Take Me Home

Few amongst us choose to return after a longish hiatus outside the comforts of home. Many of us grow so accustomed to being uncomfortable, that home makes us almost queasy. What with that bed whose mattress took our shape even as we grew, and the unending space of our closets, the home provides at least three ways in which we can explore our favourite music and books and food and selves.

I’ve been home about three months now. The first month was one kind of frustration. I was healing told my folks, and therefore was excused from waking up early, helping around with household chores, socialising, and whatever else is associated with being active-member-of-the-family. Quite apparently, the folks have grown accustomed to get by without you, darling. You are no more indispensible. But what’s even more surprising is the drastic change in routines and their and your definitions of discipline. They awaken at least two hours later than they did in the morning. That you STILL have a deadline. And in your mind at least, you protest – but I’m 26, for god’s sake!

Month two: my niece sort of began to get to me. Half the reason I’ve missed home is her. Half the reason I chose to return instead of staying on and finding a new job was her, half the reason home is where my heart is, is her. And now helping raising her began to unsettle me. I realised a few weeks back, that like it or not, I must contribute to it – wash her poo, get her to eat, read to her, dress her up, comb her hair, sit on the swing with her, entertain her, sing and dance for her…

The third month, last four weeks, have been about observation; about learning. My sister’s Diwali holidays cue in a trip for her and the niece to head for her granddad’s house in Surat. We were dreading it. We’d grown so accustomed to being in service of the little princess, that the new found (even if just for a fortnight) freedom seemed meaningless to us. For the first few days we stared either at the walls or at each other. Gradually movies began to be lined up on the DVD. And then, a space for conversation. The emptiness also gave all three of us to exchange notes on how things are for one who lives solo, and what it is to stay away from home.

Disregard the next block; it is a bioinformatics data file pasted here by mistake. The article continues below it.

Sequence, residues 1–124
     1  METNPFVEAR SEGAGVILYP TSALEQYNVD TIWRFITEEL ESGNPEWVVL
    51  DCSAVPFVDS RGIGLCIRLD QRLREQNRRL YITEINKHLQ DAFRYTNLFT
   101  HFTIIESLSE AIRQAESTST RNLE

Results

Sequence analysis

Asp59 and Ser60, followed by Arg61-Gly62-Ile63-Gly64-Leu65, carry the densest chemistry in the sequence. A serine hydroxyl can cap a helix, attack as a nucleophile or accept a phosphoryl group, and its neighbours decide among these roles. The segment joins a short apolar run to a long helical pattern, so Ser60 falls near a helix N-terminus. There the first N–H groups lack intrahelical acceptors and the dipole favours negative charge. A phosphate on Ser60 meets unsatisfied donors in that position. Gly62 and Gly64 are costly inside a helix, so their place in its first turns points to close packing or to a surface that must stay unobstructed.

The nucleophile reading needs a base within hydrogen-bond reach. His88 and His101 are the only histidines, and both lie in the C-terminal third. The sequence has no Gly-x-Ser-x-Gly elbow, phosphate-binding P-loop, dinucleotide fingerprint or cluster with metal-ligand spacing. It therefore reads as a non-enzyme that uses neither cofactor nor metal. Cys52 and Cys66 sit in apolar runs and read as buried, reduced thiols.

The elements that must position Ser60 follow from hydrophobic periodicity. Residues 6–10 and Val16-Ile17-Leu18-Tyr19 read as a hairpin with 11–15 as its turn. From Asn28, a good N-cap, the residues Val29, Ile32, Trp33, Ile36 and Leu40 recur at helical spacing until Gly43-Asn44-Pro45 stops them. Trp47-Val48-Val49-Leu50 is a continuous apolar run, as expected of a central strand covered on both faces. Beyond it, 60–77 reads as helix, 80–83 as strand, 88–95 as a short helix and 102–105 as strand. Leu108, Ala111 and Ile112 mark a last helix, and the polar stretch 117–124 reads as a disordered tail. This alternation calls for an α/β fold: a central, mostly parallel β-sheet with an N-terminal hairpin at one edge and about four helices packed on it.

I had had a brief conversation with a friend recently about training one’s parents to not pass value judgements or be strict moral supervisors on matters of our friends or acquaintances even. That, it is hard, but it is possible. After all said and done, our folks trust our views the most. They never see us as too divergent in opinions from them even if what we might say may sound preposterous.

It is mostly about the parents, our coming back. Then it is about some other things too. What seemed cultural differences at first now become parts of the landscape. Depending upon how long one has spent in one place, the native rituals – however minute or insignificant locally – acquire something of a magnified prominence when one has decided never to return. Or at least stay put in this ‘new’ old.

Whether you have stayed as away as another town within the country, or flown overseas, you are bound to miss your own sense of discipline and freedom to do what you’ve always done, even if your folks won’t protest. What you’ve grown accustomed to, then, is not yourself, but the lack of anyone else around. Surely as the clich├ęd social animals, allowing that for ourselves is blasphemous.

It is not time that heals, it is the revisiting of your earliest memory. And for those of us who’re born, bred and bored in a town for at least 20-odd years, that’s not going to change. That ‘town’ could be Baroda, Bombay or Paris. Call me old fashioned or just conservative. I still miss the sea of Bombay, I still miss the nip in the air of Hyderabad, but every time I chuck a job, every time I’ll experience heartbreak, and each time my work overwhelms me into negativity, I shall return only to my little town. Here lie people who shall, surprisingly give me just enough space, accept me unconditionally, and let bygones be bygones.

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